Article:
A Treatise on Land Surveying: Comprising the Theory Developed from Five Elementary Principles; and the Practice with the Chain Alone, the Compass, the Transit, the Theodolite, the Plane Table

Front Cover
D. Appleton and Company, 1855 - 524 pages

From inside the book

Other editions - View all

Common terms and phrases

Popular passages

Page 153 - All the interior angles of any rectilineal figure, together with four right angles, are equal to twice as many right angles as the figure has sides.
Page 379 - Every circumference of a. circle, whether the circle be large or small, is supposed to be divided into 360 equal parts called degrees. Each degree is divided into 60 equal parts called minutes, and each minute into 60 equal parts called seconds.
Page 365 - ... in all cases where the exterior lines of the townships thus to be subdivided into sections or half sections, shall exceed, or shall not extend six miles, the excess or deficiency shall be specially noted, and added to or deducted from the western or northern ranges of sections or half sections in such township, according as the error may be in running the lines from east to west, or from south to north...
Page 372 - The precise relative position of islands, in a township made fractional by the river in which the same are situated, is to be determined trigonometrically — sighting to a flag or other fixed object on the island, from a special and carefully measured base line, connected with the surveyed lines, on or near the river bank, you are to form connection between the meander corners on the river to points corresponding thereto, in direct line, on the bank of the island, and there establish the proper...
Page 169 - Longitudes of points are measured, or reckoned. The distance which one end of a line is due North or South of the other end, is called the Difference of Latitude of the two ends of the line ; or its Nortldng or Southing ; or simply its Latitude.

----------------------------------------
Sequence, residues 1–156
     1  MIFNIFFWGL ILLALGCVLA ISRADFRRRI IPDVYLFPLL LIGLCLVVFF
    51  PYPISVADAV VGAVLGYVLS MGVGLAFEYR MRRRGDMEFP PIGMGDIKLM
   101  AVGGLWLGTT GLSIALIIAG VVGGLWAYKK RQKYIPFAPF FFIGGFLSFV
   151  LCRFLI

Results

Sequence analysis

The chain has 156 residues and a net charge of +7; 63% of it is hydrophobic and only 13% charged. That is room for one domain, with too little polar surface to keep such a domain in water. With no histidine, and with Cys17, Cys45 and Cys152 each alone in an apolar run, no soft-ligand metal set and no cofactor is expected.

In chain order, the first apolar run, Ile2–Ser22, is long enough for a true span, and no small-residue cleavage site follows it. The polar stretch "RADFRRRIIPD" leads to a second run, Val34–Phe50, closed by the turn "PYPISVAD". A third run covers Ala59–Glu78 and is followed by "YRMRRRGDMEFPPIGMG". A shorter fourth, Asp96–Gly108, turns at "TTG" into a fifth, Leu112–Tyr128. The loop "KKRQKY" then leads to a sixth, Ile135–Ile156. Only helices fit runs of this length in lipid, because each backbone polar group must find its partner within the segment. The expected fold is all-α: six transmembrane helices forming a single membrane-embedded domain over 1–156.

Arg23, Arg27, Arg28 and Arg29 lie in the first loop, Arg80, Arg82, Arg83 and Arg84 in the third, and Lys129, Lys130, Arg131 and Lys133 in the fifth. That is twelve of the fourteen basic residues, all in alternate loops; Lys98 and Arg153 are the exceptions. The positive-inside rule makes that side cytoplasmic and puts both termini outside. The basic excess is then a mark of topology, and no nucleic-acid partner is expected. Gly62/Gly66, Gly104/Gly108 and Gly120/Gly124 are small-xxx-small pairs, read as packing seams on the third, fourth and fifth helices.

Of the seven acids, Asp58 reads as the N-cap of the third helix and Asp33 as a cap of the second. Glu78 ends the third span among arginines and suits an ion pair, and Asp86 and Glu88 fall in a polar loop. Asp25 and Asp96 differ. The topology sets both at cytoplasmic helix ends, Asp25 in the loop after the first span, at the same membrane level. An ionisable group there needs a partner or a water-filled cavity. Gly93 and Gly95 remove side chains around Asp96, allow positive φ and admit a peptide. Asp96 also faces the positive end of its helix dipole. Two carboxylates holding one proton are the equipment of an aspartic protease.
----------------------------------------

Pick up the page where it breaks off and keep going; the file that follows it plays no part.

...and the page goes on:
Page 267 - ... Captain Kater. By means of this a station 48 miles distant was observed. The most powerful night signal is, however, Drummond's light. This was invented by Lieutenant Drummond, and consists of a ball of lime about \ in. diameter placed in the focus of a parabolic reflector and raised to an intense heat by a stream of oxygen gas directed through a flame of alcohol. This produces a light eighty times the intensity of an Argand burner. In boisterous and hazy weather this light was brilliantly visible...
Page 367 - E., and proceed as with townships situated " north and wrest," except that the random or trial lines will be run and measured west, and the true lines, east, throwing the excess over or deficiency under four hundred and eighty chains on the west end of the line, as required by law ; wherefore, the surveyor will commence his measurement with...
Page 372 - A sufficient number of other trees standing within 50 links of the line, on either side of it, are to be blazed on two sides diagonally, or quartering toward the line, in order to render the line conspicuous, and readily to be traced, the blazes to be opposite each other, coinciding in direction with the line where the trees stand very near it, and to approach nearer each other the farther the line passes from the blazed trees. Due care must ever be taken to have the lines so well marked as to be...
Page 44 - The content of a Trapezoid equals half the product of the sum of the parallel sides by the perpendicular distance between them.
Page 375 - Prior to piling up the earth to construct a mound, in a cavity formed at the corner boundary point is to be deposited a stone, or a portion of charcoal, or a charred stake is to be driven twelve inches down into such centre point, to be a witness for the future.

Bibliographic information